When my beat up 2009 Jetta with 70, 000 miles was stolen on the street in front of the apartment building where I live, I felt isolated, alone and a victim. It was the big impersonal badass city of San Francisco against me, the little guy. In a noir mystery, say by Dashiell Hammett, I might have played the role of the nobody or fall guy fucked over by everyone else and who also fucks up royally and seals his own fate. Then at an event for a book published by Charles Kerr and co-sponsored by Hard Crackers Magazine, I told my tale of woe to a woman I didn’t know and had never seen before who teaches linguistics at San Francisco State University. She listened politely, smiled warmly, nodded her head as though to say she understood my plight, and proceeded to reinterpret my tale. I’m ever grateful for the kindness of strangers.
I should add that by the time I met the professor, I had my car again, thanks to my own diligence, the doggedness of the SFPD, who located my vehicle on Galilee Street in the Haight. They had it towed to “Auto Return” on Seventh Street in a kind of no man’s land, open 24/7. I came to think of the place as “Car Prison.” I saw that thousands of vehicles were kept there under lock and key and behind a chain link fence that would have challenged the Terminator himself. To get in, I had to show ID. Then I had to find one car in a sea of thousands. It was easier than I thought it would be.
In the narrative as told by the professor of linguistics I wasn’t alone, isolated and a nobody, but rather a creature of social forces: a car owner with a license to drive from the state of California, and an insurance policy that provided a real safety net. I had agency of my own, and had negotiated a path through a labyrinth of institutions all of them created and operated by human beings.
Thanks to the professor’s initial insights I came to the realization that the car thieves were part of the big social picture. They had a major role to play in a city in which car theft has become a major nuisance (to say the least) for car owners and the police. The more I thought about it, the more I realized that car theft also provides work for insurance agents and adjusters, revenue for towing companies and employment at the Car Jail. The thieves set the whole thing in motion; they create a system of sorts, much as other kinds of criminals, including murderers, bear responsibility for creating the cops, the legal profession, the courts and the prisons. The criminal justice system as it calls itself can’t be expected to abolish itself. Think of all the lost jobs and the end of the prison-industrial complex.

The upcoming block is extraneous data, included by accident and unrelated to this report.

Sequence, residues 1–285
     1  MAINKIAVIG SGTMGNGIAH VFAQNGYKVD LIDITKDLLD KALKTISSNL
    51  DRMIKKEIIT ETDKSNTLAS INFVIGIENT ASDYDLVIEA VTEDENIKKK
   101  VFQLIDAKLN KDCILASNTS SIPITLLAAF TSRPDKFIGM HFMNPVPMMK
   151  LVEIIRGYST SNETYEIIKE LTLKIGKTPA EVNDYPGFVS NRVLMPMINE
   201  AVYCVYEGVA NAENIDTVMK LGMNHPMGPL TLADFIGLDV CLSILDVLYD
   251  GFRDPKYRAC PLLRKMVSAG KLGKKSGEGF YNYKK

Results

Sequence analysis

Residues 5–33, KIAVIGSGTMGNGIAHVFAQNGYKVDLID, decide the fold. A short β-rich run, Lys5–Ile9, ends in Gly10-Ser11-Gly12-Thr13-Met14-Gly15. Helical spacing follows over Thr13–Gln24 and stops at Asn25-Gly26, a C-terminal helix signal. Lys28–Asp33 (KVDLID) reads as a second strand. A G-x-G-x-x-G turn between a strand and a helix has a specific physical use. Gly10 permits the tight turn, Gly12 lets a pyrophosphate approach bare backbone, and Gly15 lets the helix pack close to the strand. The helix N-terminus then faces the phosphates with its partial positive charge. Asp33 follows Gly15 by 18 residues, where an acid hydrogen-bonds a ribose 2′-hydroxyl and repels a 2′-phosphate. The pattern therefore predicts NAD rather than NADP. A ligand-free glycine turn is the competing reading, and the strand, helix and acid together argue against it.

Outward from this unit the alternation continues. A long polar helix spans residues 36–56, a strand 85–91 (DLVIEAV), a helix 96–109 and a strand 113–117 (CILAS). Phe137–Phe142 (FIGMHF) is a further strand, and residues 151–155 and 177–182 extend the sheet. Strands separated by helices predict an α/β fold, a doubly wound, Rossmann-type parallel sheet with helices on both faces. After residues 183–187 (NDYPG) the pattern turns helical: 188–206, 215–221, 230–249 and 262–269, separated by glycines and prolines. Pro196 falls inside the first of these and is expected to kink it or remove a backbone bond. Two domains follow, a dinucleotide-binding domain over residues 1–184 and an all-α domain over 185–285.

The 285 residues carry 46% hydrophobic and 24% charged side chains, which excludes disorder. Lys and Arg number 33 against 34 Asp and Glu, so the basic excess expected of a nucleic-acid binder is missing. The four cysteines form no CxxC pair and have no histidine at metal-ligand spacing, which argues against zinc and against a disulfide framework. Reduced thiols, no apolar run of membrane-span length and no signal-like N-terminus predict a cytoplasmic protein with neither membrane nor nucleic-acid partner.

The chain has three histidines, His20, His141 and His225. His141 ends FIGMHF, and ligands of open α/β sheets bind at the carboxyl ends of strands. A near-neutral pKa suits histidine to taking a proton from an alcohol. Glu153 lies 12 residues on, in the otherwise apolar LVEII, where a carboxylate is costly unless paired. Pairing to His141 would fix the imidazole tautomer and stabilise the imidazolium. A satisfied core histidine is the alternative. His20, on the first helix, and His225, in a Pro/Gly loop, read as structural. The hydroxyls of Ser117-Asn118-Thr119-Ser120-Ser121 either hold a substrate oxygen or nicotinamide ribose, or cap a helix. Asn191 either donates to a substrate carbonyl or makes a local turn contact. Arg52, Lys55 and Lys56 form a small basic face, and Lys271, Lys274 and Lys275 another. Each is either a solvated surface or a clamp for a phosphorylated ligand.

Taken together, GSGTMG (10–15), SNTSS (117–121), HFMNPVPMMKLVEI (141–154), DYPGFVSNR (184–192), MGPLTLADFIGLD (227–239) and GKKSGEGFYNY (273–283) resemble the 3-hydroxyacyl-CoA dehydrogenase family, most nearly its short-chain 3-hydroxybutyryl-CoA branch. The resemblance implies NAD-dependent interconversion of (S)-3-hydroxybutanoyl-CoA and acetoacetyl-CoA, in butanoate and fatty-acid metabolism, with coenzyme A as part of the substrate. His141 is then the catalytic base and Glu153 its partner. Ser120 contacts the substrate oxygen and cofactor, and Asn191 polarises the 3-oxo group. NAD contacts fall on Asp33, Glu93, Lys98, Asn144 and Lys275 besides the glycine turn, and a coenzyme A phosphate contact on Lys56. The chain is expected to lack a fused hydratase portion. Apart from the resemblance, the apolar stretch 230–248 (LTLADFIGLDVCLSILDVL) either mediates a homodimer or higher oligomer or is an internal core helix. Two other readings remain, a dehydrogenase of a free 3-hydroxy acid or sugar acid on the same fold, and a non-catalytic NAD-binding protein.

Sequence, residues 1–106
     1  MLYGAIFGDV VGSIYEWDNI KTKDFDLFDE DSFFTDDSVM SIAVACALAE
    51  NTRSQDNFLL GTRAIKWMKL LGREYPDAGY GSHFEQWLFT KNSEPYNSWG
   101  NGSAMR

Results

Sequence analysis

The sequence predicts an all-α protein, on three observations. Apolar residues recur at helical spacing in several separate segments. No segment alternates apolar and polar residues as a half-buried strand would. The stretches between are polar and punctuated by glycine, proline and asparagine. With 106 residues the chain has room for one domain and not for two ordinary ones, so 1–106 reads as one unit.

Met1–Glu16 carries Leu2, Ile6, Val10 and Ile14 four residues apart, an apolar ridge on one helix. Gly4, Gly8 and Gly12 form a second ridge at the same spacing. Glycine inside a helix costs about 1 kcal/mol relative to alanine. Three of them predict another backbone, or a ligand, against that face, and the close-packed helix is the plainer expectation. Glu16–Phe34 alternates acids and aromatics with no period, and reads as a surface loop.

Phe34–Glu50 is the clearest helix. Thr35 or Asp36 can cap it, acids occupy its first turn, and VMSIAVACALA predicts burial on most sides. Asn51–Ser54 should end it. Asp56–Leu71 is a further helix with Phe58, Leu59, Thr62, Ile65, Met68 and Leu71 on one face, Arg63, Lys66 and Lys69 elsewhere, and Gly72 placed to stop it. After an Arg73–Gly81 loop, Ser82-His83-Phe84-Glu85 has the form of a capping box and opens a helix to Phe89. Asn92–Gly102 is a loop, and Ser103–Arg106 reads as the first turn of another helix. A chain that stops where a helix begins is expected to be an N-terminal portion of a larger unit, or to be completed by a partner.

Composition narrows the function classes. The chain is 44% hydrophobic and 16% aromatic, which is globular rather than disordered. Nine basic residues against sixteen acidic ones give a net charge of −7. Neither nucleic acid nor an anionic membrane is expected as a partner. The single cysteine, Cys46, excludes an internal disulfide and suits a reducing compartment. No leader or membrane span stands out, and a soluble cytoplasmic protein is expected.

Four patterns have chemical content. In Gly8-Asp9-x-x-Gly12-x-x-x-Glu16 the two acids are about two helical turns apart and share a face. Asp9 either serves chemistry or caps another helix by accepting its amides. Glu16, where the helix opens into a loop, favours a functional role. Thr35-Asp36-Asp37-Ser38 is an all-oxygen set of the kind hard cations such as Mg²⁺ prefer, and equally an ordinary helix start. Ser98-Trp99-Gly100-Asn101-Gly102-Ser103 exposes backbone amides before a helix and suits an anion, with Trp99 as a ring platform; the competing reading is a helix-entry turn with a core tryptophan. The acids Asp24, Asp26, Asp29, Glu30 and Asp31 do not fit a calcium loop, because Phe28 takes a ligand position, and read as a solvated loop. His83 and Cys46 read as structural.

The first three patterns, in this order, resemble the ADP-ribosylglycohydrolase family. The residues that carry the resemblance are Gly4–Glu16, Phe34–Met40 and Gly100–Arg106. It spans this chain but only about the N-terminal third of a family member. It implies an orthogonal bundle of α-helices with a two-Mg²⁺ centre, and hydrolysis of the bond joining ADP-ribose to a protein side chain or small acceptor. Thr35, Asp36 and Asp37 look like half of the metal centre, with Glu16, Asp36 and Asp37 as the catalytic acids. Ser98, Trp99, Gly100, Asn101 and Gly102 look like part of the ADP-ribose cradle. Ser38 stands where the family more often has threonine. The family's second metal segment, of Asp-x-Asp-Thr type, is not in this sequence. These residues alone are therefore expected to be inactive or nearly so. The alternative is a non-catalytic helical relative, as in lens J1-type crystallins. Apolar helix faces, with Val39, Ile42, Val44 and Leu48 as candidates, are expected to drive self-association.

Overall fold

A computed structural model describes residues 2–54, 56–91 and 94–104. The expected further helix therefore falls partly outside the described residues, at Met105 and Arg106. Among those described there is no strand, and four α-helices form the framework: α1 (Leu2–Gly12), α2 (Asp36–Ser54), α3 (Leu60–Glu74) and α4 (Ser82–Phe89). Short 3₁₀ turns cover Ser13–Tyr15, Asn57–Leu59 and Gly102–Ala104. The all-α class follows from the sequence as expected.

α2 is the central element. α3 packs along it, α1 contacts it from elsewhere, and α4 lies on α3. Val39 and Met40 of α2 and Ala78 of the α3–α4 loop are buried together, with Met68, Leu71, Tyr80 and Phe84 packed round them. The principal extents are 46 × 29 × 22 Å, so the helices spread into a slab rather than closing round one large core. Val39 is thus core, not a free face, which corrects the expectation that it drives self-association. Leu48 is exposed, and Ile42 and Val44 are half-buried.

From the moment I was aware that my car had been stolen I suppose I should have seen the sociology of car theft and its aftermath. After all I have been a Marxist for much of my life, a political activist beginning in the 1950s, an anti-war protester arrested and jailed and beaten by the police, a professor fired from a teaching position at a university for thumbing my nose at authorities and at authority. I haven’t been a by-stander for the past 60 or so years.
In college the one book that really changed my thinking was Social Forces in American History, by A. M. Simmons. From the moment I read it and digested it, I was on a kind of social forces kick. Almost all the papers I wrote for American history and English classes were about social forces and how they shaped and determined human thinking and acting. My favorite novels were by Emile Zola and Theodore Dreiser. They’re about human beings ground down by social forces along with the workings of chance: an accident on the job that puts the worker out of work and that leads to a long slow downward progression.
Then in the mid-1970s when I was in my mid-30s, I arrived in California and had my head turned inside out and upside down. From that moment on, I heard a constant litany that said each and everyone was responsible for his or her actions and that no one was a victim. Placing “blame” on society or social forces was a cop-out, I was told. Many of those who spouted this perspective were psychologists or psychology students who didn’t urge anyone to work for the transformation of society but to go into therapy and learn not to project.